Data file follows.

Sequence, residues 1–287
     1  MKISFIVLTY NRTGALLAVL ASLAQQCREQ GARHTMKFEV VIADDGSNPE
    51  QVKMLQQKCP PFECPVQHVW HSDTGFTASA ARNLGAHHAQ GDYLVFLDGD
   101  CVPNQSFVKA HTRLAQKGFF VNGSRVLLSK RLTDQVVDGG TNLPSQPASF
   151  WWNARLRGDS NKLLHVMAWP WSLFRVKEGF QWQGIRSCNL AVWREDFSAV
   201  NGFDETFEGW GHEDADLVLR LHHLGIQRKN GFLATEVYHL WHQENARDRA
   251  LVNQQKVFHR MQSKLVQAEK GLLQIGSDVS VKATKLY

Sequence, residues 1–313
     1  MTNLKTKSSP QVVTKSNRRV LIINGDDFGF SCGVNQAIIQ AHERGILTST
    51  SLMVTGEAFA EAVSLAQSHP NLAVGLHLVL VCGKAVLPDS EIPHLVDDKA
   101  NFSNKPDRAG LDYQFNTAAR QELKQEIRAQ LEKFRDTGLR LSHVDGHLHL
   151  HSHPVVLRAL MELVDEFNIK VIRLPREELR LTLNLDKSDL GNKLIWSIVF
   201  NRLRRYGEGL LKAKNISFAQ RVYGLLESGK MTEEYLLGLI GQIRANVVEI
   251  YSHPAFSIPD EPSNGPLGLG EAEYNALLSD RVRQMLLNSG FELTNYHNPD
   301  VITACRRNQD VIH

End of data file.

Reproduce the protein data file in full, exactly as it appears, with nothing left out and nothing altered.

Sequence, residues 1–287
     1  MKISFIVLTY NRTGALLAVL ASLAQQCREQ GARHTMKFEV VIADDGSNPE
    51  QVKMLQQKCP PFECPVQHVW HSDTGFTASA ARNLGAHHAQ GDYLVFLDGD
   101  CVPNQSFVKA HTRLAQKGFF VNGSRVLLSK RLTDQVVDGG TNLPSQPASF
   151  WWNARLRGDS NKLLHVMAWP WSLFRVKEGF QWQGIRSCNL AVWREDFSAV
   201  NGFDETFEGW GHEDADLVLR LHHLGIQRKN GFLATEVYHL WHQENARDRA
   251  LVNQQKVFHR MQSKLVQAEK GLLQIGSDVS VKATKLY

Sequence, residues 1–313
     1  MTNLKTKSSP QVVTKSNRRV LIINGDDFGF SCGVNQAIIQ AHERGILTST
    51  SLMVTGEAFA EAVSLAQSHP NLAVGLHLVL VCGKAVLPDS EIPHLVDDKA
   101  NFSNKPDRAG LDYQFNTAAR QELKQEIRAQ LEKFRDTGLR LSHVDGHLHL
   151  HSHPVVLRAL MELVDEFNIK VIRLPREELR LTLNLDKSDL GNKLIWSIVF
   201  NRLRRYGEGL LKAKNISFAQ RVYGLLESGK MTEEYLLGLI GQIRANVVEI
   251  YSHPAFSIPD EPSNGPLGLG EAEYNALLSD RVRQMLLNSG FELTNYHNPD
   301  VITACRRNQD VIH